We’re comparing pickable pass percentage and actual interception rate to determine which quarterbacks were the most and least fortunate during the 2023 season. Some of the results might surprise you.

In 2023, NFL quarterbacks threw 668 “pickable” passes.

Defenders intercepted 429 of those passes – most of them on throws defined as pickable, though not all. (Sometimes, a defensive back makes an absurd play on a good throw, or the ball ricochets, or a receiver falls down.)

The league-wide pickable pass rate was 3.7%, but the actual interception rate was 2.3%. What does that tell us? Well, it’s good to be lucky. 

Defenders will never pick off every pickable pass. That’s why they’re called “pickable,” not “guaranteed to be picked.” But if a QB throws a pickable pass and the defender doesn’t intercept it, that’s not because of anything special the quarterback did. It’s because of some combination of luck, a poor attempt to catch the ball by the defender in the area, and strong defensive work by his own receiving target. 

So just looking at the number of interceptions thrown by a signal caller can be misleading. And pickable pass percentage and interception rate will almost never converge perfectly. In 2023, only Jared Goff of the Detroit Lions had a pickable rate within 0.1% of his real-life interception rate. And only two QBs, Josh Allen of the Buffalo Bills and Jalen Hurts of the Philadelphia Eagles, posted a higher pickable rate than INT rate. (What was going on in Philly?)

But over time, QBs should struggle to be outliers. Quarterbacks who throw lots of pickable passes should throw lots of interceptions and vice versa.

What does that tell us about 2024’s crop of NFL quarterbacks? 

luckiest 2023 QBs

Meet the 10 QBs whose pickable pass rates were at least 2.0% higher than their actual interception rates. The headliner, of course, is Will Levis, the Tennessee Titans rookie who served as one of the franchise’s few bright spots last season.

The second-round pick did a nice job pushing the ball down the field, posting 7.1 yards per attempt in nine starts and showing off real athleticism for a 6-foot-4, 230-pounder. But Levis’ greatest strength was that he didn’t throw interceptions – four of them in total on 255 throws, giving him one of the lowest INT rates in football.

He was extremely fortunate in that regard, posting the widest delta between pickable and intercepted rate of any QB with 200-plus attempts. Levis had the fifth-worst pickable pass rate and the ninth-best interception rate, a hard split to replicate. 

This list also raises a bit of a red flag on Baker Mayfield’s comeback season with the Tampa Bay Buccaneers and whether Jordan Love is on the verge of stardom with the Green Bay Packers. It raises outright horror about Bryce Young in Carolina, given that Young had a disastrous rookie season and arguably should’ve been picked off more than the 10 times he actually was.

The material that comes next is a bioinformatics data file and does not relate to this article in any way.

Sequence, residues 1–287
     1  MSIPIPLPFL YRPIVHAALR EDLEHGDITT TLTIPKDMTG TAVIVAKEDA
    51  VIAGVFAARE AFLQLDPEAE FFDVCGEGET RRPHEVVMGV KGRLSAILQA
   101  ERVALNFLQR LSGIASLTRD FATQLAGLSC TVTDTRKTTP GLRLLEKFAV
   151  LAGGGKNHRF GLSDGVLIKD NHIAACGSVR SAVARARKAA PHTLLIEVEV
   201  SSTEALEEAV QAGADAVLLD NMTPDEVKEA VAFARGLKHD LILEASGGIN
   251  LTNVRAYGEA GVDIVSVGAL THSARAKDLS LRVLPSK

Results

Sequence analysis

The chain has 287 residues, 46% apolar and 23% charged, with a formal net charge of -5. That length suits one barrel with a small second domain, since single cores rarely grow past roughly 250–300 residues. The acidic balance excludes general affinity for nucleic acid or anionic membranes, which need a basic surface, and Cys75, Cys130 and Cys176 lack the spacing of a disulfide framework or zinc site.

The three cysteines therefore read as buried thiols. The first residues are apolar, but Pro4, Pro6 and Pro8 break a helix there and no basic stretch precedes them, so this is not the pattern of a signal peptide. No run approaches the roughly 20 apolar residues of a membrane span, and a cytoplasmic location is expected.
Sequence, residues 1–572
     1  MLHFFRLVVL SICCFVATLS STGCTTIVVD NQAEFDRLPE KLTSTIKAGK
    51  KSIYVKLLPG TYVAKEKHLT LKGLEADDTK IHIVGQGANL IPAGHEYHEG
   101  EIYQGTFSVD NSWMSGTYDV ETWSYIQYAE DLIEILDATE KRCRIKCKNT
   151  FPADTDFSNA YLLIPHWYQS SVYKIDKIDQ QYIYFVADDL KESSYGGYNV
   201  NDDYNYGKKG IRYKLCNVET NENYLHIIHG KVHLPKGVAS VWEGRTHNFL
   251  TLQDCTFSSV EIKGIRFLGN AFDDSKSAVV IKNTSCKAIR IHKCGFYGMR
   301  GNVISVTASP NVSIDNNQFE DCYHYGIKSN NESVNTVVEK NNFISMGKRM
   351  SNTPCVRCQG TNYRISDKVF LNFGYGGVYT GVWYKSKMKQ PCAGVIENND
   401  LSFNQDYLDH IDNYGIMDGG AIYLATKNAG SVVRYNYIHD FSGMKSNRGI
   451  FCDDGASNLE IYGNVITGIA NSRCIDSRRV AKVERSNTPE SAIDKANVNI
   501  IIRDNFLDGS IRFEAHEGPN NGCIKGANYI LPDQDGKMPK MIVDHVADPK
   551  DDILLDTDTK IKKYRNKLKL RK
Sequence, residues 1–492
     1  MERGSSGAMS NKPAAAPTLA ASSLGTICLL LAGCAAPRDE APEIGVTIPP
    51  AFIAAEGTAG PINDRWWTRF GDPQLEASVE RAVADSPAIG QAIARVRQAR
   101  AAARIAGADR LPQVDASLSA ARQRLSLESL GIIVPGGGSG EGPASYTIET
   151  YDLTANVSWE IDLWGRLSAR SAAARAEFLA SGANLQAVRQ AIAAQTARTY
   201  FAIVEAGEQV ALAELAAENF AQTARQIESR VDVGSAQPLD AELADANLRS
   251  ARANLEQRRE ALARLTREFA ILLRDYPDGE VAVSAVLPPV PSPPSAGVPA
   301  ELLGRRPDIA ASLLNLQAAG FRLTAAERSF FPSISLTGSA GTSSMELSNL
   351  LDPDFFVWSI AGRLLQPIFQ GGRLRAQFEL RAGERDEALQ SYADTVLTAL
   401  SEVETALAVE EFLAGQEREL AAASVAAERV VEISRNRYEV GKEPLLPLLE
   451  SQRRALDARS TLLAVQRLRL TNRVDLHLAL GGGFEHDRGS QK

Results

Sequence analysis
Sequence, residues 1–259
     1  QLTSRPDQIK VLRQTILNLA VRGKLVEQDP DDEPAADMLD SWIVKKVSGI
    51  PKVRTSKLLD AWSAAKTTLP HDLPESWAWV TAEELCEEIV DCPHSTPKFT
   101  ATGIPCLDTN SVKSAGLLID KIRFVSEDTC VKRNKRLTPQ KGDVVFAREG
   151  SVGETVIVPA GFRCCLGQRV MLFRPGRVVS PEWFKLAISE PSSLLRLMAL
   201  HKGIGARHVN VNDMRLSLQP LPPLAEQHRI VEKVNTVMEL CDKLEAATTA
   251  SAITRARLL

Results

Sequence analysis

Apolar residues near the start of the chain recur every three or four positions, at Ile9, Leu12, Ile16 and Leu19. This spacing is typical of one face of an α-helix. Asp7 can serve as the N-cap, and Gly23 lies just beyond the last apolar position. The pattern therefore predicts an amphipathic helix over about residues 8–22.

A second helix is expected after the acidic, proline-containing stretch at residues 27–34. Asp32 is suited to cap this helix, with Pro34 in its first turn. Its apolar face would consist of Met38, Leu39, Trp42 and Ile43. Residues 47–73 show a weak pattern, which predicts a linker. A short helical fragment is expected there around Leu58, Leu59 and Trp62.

Meanwhile, Houston Texans QB C.J. Stroud (12th on this list with 2.86 pickable pass percentage and a 1.00 interception rate) is a surefire future superstar, but if his sophomore season is less of a smashing success than his rookie year, there’s a good chance that a marginal increase in interceptions will be the reason why. 

But what about the quarterbacks whose worst passes didn’t fall innocently to the ground? 

unluckiest QBs

In 2022, Hurts was the toast of Philadelphia. In his second year as the starter, Hurts made the leap from toolsy second-round pick to one of the best players in football. He went 14-1 as a starter while flashing his usual strong running ability and progressing rapidly as a passer.

One of Hurts’ defining qualities that year was how well he took care of the ball: His interception rate was 1.3% – fifth in the NFL – and he paired it with an impressive ability to keep the ball moving down the field. Hurts ended up finishing second in MVP voting and got the contract to ensure he’ll be the Eagles’ QB for years. 

In 2023, a lot went wrong. But the main thing that went wrong was that Hurts’ interception rate more than doubled to 2.8%. Drives that continued apace the year before were suddenly ending with the opponent taking great field position, as Hurts went from one of the least-intercepted QBs to one of the most. 

But did Hurts play that much differently? Well, yes, but maybe not how you think. In 2022, his pickable pass percentage was 4.1% – one of the highest marks in the league. Defenders simply didn’t convert pickable opportunities against Hurts that year. In 2023, Hurts actually improved in throwing passes that were harder for defenders to get to – but get to them they did, and in fact, this variance punished Hurts last year more than any QB in football.

He went from a guy whose interceptable passes didn’t get intercepted to a guy whose perfectly fine passes were suddenly going the other way. 

jalen hurts 2023 stats

What does that tell us? Nothing ironclad, as there’s no rule that says a QB can’t get lucky or unlucky with his pickable passes for two years in a row. But if Hurts throws the same types of passes in 2024 that he did in 2023, he’s got a good chance of not throwing anywhere near 15 interceptions again. 

Hurts is the mega-outlier on this list, but you might find encouragement as well in Trevor Lawrence (fresh off a huge extension in Jacksonville) and Russell Wilson (hoping for a bounce-back season in Pittsburgh) having been among the league’s most-picked QBs relative to the quality of their passes.

Or you could notice Patrick Mahomes was a bit unlucky last year and shudder about what happens if the football gods finally give him and the rest of the Chiefs a break.

In that case, the rest of this may not even matter.

Research support provided by Stats Perform’s Josiah Sukumaran. Be sure to check out all our MLBNBA, college football and NFL coverage. And follow us on X and Instagram for more!